Friday, October 19, 2007

COMCAST is the end of the Interregnum

Interregnum:

#2: a period during which the normal functions of government or control are suspended
There is important news today that it has been proven that COMCAST disrupts on purpose Bittorrent and P2P connections. The way it does it is to impersonate P2P hosts and send close connection messages.

We are getting to the point in which the Internet Service Providers assume the right to profile the kind of network traffic they allow to their subscribers, and this is the end of the internet. From then on, it will be intercompany.

Let us recapitulate: The internet became the phenomenon it is today because it just moved bits from one end of the net to another without restrictions, which unleashed a gigantic creative wave on how to make the moving of bits useful. Now there are so many applications that make it so useful to move bits, that governments and companies feel that there is no need for neither more creativity nor more usefulness, but more control and more profits.

In the times pre-internet, everything the citizen could use to be informed was mediated by governments and publishing/media companies. The advent of the internet gave a real chance for the communication of subjects and ideas that were not considered important by governments or companies, or even worse, communication of subjects and ideas that governments and companies actively wanted to prevent.

Actually, Publishing and Media companies can not exist in opposition to governments[1], and the politicians that get to become the governments can't get there without media endorsement, so both Publishing/Media companies and the government are the same for the purposes of this article.

Since the internet, because it is a space of freedom, is full of ideas that governments/media don't want to circulate, the freedom of the internet is their enemy.

Up until now, the internet was resilient, because in the words of John Gilmore, the internet interpreted censorship as damage and routed around it. But what if the censorship entity is so big that it can actually impede the re-routing?

I think that when COMCAST decides to disrupt bittorrent, it does it as a result of a calculation: Is COMCAST big enough to impede the internet to route around it when it tries to control what their subscribers may or may not do with their connections? and their calculation is that COMCAST is big enough. Perhaps not COMCAST alone, but together with other internet carriers and government laws that won't defend the freedom but instead to enshrine the principle that the owners of communication channels may filter the communication that takes place through their channels any way they please. That would be ok if at the same time there was legal protection for the creation of independent internet carriers, but there is not. Remember that AT&T was the archetypical example of monopoly. It was broken up in pieces, and guess what? the pieces reassembled themselves into pretty much the same monopoly... So, what freedoms are the governments to protect: Those of the channel owners to do as they please with their channels, or those of the citizens to have communication freedom?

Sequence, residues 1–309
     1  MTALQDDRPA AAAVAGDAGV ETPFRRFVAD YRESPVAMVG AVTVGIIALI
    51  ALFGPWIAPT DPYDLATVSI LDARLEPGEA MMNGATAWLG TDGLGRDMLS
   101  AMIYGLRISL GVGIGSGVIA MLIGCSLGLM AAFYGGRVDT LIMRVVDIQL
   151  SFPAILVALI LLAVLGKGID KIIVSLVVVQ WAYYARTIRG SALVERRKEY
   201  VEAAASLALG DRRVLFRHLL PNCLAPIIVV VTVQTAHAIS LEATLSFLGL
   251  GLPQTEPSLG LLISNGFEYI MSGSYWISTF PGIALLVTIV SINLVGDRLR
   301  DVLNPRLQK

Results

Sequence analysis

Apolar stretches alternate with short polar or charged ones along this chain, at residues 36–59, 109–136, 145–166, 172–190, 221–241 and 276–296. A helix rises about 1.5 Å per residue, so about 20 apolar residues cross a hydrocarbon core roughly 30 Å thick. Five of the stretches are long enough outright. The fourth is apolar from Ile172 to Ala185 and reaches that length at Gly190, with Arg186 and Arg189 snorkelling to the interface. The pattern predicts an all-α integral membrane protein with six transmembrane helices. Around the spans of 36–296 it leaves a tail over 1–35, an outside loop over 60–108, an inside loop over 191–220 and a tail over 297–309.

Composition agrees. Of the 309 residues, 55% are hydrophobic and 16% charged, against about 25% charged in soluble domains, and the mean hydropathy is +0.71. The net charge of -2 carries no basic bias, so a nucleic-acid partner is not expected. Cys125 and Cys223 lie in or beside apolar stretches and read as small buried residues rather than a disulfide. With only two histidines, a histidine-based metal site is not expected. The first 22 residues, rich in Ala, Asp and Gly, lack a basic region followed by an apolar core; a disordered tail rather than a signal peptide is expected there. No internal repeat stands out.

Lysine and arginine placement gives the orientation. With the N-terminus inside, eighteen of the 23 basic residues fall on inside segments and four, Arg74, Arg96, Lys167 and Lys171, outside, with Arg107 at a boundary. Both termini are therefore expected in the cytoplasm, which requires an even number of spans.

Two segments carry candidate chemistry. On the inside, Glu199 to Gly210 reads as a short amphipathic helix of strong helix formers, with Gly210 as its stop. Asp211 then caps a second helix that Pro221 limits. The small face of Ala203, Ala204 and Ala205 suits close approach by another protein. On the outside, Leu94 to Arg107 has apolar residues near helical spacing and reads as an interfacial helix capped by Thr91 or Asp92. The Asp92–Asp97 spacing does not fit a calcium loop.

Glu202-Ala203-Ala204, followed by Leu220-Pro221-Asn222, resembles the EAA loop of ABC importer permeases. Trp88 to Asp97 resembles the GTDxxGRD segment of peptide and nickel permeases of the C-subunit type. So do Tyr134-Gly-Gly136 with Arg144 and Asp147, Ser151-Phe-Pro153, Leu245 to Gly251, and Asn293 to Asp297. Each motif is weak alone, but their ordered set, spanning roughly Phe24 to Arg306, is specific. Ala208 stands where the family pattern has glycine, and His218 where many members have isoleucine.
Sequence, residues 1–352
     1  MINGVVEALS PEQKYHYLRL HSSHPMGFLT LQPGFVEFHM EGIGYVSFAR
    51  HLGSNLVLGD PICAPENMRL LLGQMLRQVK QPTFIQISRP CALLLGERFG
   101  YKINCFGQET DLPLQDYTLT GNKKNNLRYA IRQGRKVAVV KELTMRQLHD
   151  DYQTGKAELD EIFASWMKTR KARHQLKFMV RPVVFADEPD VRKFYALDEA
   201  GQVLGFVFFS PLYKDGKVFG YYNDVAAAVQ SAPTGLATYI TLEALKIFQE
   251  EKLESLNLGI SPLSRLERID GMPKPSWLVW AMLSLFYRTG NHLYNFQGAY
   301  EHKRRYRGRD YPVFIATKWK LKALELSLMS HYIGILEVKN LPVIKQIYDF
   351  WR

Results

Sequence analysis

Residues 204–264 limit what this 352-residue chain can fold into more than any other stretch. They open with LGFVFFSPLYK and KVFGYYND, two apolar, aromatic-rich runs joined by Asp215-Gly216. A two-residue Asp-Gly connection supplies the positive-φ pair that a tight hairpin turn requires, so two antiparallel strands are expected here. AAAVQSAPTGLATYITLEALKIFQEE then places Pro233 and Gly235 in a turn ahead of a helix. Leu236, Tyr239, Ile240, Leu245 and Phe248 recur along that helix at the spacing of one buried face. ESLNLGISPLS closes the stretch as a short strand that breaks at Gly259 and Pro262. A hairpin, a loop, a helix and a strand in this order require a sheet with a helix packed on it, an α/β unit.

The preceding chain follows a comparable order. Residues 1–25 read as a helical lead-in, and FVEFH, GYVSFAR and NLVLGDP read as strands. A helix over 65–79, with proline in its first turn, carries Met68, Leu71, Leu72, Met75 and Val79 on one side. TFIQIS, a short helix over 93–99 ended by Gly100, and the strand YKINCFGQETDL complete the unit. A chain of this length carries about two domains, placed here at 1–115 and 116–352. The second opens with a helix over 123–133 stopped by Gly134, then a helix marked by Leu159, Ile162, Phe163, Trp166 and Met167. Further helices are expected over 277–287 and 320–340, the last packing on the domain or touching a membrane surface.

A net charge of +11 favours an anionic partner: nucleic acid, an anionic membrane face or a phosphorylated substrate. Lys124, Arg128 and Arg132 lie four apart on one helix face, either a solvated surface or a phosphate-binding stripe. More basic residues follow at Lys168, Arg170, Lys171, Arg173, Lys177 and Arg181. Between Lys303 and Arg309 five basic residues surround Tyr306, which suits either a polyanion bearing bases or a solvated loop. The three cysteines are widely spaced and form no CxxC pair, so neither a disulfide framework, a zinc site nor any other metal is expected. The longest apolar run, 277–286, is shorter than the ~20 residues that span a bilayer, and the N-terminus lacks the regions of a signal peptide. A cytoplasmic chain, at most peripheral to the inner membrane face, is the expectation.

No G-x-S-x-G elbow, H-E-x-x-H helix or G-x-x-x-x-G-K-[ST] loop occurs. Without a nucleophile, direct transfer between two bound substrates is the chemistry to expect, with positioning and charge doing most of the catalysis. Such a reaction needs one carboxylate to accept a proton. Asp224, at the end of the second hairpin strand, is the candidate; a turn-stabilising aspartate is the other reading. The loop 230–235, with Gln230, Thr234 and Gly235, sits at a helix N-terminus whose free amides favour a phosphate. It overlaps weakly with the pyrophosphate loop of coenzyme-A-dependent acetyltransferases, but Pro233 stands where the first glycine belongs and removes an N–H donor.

Since there was a period of internet flourishing when governments couldn't control what people communicated, there was an interregnum of creativity, that sadly, is on its last legs.

It may be interesting if a big player such as Google decides to leverage the existing resilience of the network by, let's say, becoming the last freedom internet carrier itself. That may happen, and since the principle that dictates that in the internet damage is routed around is still very strong, it could lead to huge profits. But do not misunderstand the possibility of Google taking on the defense of freedoms as evidence of their resilience, in the end, it will make more economic sense for Google to capitalize by exploiting the network rather than to allow it to keep growing. The only possibility to save freedoms is to defend them directly the same way other freedoms have been defended, that requires understanding of their value. Remember the words of Judge Dalzell writing the three-judge panel decision on the subject of the CDA in 1996 [next to last page]:
The Internet may fairly be regarded as a never-ending worldwide conversation. [...] As the most participatory form of mass speech yet developed, the Internet deserves the highest protection from governmental intrusion.
[1]: Take the example of television: The radio frequencies for Television are property of the nations, that is, the governments. It frequently happens that governments use their ownership of radio frequencies to blackmail companies into editorial lines of their liking. The process doesn't have to be as clumsy as in third world countries, it can be very subtle as it happens in the industrialized nations. There are degrees, though, it may actually happen that some publishing media can really work independently of government, fortunately.

2 comments:

Anonymous said...

Fanatics of the P2P super power gave birth to the devil.
It is the strongest P2P file sharing system Share NT.
And, Because UDP is used, even the band limiting that the internet service provider does is exceeded.

Reference
Share (P2P) - Wikipedia
Share NT - 2ch.ru

Eddie said...

At least the last comment is not spam. Whoever left that comment should come back and at least choose a name and explain himself. I may delete the comment.